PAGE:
As the question title states: I'm trying to figure out how to discern which web server to pass network traffic to based on the host header of said request. I'm working with one network adapter on the host server, to which all of my guest OS's share. This setup is both out of necessity (limited hardware available to me) and my desire to learn the technology so that I can leverage my components as much as possible.

Is anyone aware of how I would accomplish this within the same ESXi environment?

closed as unclear what you're asking by joeqwerty, Ward, MadHatter, Tim Brigham, Katherine Villyard Apr 26 '16 at 21:06

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  • 1
    This doesn't have anything to do with virtualization. You would pass/forward the request to the web server that hosts the relevant site. – joeqwerty Apr 20 '16 at 2:10
  • @joeqwerty I respectfully disagree. It's all about virtualization, actually. The ESXi server (host) is the first line of defense when intercepting network traffic that is then passed on to the guest OS's. – Erutan409 Apr 20 '16 at 2:15
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    Umm... no it isn't. ESXi is not a firewall or a router. The physical NIC on the ESXi host is merely a conduit for traffic on the physical network to reach the virtual machines and vice versa. The ESXi host performs no routing, firewalling or NAT for the virtual machines. Traffic destined for a website running on a web server running in one of your virtual machines behaves the same as it would for a physical web server. – joeqwerty Apr 20 '16 at 2:21
  • Please either re-read my question or use this as clarity: I'm going to host multiple public-facing websites from this standalone ESXi (host) server with 4+ guest OS's on it and ONE NIC. Not all of the public-facing websites are going to be hosted on the same guest OS. Therefore, I'm looking for a solution that will digest the host headers for the requests of any of the aforementioned websites/URLs and forward/pass those requests to the appropriate guest OS. The router this server is behind, will forward all port 80 traffic to this ESXi server. Is that more clear, now? – Erutan409 Apr 20 '16 at 2:24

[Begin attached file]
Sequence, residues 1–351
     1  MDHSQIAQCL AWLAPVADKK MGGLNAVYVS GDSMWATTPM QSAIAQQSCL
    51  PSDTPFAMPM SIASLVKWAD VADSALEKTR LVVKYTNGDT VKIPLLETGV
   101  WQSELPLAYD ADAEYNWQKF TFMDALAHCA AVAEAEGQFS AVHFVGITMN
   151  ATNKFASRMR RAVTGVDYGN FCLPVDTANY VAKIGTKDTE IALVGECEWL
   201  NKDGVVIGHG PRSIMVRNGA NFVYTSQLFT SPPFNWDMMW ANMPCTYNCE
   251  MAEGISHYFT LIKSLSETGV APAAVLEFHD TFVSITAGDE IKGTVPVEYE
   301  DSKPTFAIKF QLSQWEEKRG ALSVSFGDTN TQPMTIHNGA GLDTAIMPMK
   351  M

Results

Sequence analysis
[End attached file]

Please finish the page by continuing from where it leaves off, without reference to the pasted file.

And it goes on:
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    nginx, haproxy, varnish... try them all and see what you like. – Michael Hampton Apr 20 '16 at 2:31

Create a new VM within your ESXi environment that runs nginx and use the proxy module to direct your traffic:

server {
    listen       80;
    server_name  hostname1 hostname2 hostname3 ... hostnameN;
    if ($http_host = hostname1) {
    if ($http_host = hostname2) {
    if ($http_host = hostname3) {
    if ($http_host = hostnameN) {
        proxy_pass http://192.168.0.N;

Sauce: Module ngx_http_proxy_module

  • Is this solution lightweight enough that the server response times are still reasonable? – Erutan409 Apr 20 '16 at 2:19
  • You're still going to need something to forward your external :80 to your VMs internal :80. – 84104 Apr 20 '16 at 2:36

The request for the website gets resolved to an IP address.

The traffic is then routed to your network.

Your firewall/router translates the public IP address to a private IP address (based on your ip address translation configuration).

Your firewall/router then performs an ARP for the MAC address of the IP address in question.

The relevant virtual machine answers the ARP request.

Your firewall/router sends the traffic to the MAC address.

Your switch forwards the traffic to the appropriate switch port (based on it's MAC address table).

The traffic traverses the ESXi host pNIC (unadulterated).

The relevant virtual machine consumes the traffic and directs it to the appropriate website (in the case where you're hosting multiple websites on a single web server using host headers or the Linux equivalent) or to the appropriate web server (in the case where you're using a proxy server and multiple web servers).

  • I think I know where the disconnect is, now: "Your firewall/router translates the public IP address to a private IP address (based on your ip address translation configuration)." Yes, my router is forwarding all port 80 traffic to a specific IP on my LAN. Other steps make sense. "Your firewall/router then performs an ARP for the MAC address of the IP address in question." There is no firewall in place nor is my router capable of discerning where to send traffic to that degree. Hence, my initial question. – Erutan409 Apr 20 '16 at 2:48
  • Yes, only a single public IP is available for all web traffic. I think Aaron Mason is on the right track with what I was looking for. – Erutan409 Apr 20 '16 at 2:53
  • Oops. I deleted that comment. Is this single public IP address assigned to the ESXi host NIC? – joeqwerty Apr 20 '16 at 2:54
  • ISP/Public IP -> Router:80 -> Forward to node on network (ESXi host) -> 1+ guest OS's that can satisfy web requests – Erutan409 Apr 20 '16 at 2:55
  • Also, please note that this setup isn't for business critical applications. This is for my personal websites and to learn the VMWare technology. Otherwise, the environment would look very different. – Erutan409 Apr 20 '16 at 2:58

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